Reclaiming Lost Ancestors and Acknowledging Slave Descent: Insights from Madagascar
These three statements regarding personal ancestry were made to me by villagers during life history interviews I conducted a few months into my research in northeastern Madagascar. Each statement is an admission of slave ancestry, and I highlight them to introduce this paper for three reasons. First, such statements are not uncommon in these villages. Many villagers told stories of lost or stolen ancestors, forced labor for “nobles,” and slave ancestry. Second, much of the recent scholarship addressing slavery elsewhere in Madagascar has suggested that slavery is not easily discussed among contemporary residents of this Indian Ocean island. Thus, the fact that the people among whom I studied readily acknowledged their own slave descent by referring to their “lost” or “stolen” grandparents or to their own Makoa identity prompts further comparative inquiry. What factors explain acceptance of slave ancestry among some Malagasy and its concurrent stigmatization among others? Third, examination of variations in Madagascar's responses to slavery can lead us to new insights into the forms of identity and opportunity in other post-slave societies.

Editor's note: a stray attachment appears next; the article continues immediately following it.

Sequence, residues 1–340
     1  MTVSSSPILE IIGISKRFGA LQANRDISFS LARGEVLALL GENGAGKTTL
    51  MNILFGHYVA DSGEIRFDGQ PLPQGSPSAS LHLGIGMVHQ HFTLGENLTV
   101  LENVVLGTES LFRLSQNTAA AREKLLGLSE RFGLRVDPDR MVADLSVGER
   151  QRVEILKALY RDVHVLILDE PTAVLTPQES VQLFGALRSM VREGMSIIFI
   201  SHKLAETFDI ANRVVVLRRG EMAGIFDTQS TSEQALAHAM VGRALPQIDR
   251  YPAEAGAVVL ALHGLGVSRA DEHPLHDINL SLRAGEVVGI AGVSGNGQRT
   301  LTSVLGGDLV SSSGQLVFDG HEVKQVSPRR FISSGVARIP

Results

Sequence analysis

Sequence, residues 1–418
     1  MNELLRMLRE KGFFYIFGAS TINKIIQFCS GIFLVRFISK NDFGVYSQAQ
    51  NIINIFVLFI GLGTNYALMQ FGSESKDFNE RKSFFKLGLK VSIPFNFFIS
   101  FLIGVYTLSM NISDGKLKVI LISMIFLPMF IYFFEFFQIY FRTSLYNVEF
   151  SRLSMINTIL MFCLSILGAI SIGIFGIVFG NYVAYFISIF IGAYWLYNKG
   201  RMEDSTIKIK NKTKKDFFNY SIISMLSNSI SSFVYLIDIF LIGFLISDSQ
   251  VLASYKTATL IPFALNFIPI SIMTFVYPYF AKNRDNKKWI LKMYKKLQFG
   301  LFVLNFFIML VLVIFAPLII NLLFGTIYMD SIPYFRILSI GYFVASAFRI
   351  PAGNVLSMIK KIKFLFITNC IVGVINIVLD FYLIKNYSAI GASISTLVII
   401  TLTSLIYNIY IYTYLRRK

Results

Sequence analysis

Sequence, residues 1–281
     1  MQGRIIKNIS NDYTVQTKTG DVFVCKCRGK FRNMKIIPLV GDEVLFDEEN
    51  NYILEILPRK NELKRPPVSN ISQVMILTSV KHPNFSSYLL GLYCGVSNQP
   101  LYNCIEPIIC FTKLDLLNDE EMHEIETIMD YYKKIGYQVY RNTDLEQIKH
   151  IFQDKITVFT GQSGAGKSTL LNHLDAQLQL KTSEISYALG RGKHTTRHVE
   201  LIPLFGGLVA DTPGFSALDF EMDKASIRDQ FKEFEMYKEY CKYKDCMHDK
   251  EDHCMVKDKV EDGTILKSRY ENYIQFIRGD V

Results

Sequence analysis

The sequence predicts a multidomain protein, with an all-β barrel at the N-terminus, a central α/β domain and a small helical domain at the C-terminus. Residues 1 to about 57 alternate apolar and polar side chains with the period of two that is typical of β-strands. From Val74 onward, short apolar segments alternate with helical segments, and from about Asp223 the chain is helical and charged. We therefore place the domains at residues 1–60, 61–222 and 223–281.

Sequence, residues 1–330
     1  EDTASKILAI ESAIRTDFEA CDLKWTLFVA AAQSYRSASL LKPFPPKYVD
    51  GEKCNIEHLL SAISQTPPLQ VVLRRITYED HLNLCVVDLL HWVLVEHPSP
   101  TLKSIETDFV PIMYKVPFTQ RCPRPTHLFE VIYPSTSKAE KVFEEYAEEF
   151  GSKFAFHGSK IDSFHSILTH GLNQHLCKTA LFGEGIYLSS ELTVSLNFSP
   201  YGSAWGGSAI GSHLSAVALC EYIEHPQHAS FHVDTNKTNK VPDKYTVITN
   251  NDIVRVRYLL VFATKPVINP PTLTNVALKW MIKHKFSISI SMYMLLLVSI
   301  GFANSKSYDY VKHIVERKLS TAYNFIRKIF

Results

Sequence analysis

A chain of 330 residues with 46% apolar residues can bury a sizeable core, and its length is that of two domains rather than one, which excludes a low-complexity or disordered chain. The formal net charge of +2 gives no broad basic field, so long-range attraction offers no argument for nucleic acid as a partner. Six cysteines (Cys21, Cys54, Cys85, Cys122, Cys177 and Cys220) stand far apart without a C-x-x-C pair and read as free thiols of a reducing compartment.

Volume / Issue
Start / End Page
Electronic International Standard Serial Number (EISSN)
International Standard Serial Number (ISSN)
Digital Object Identifier (DOI)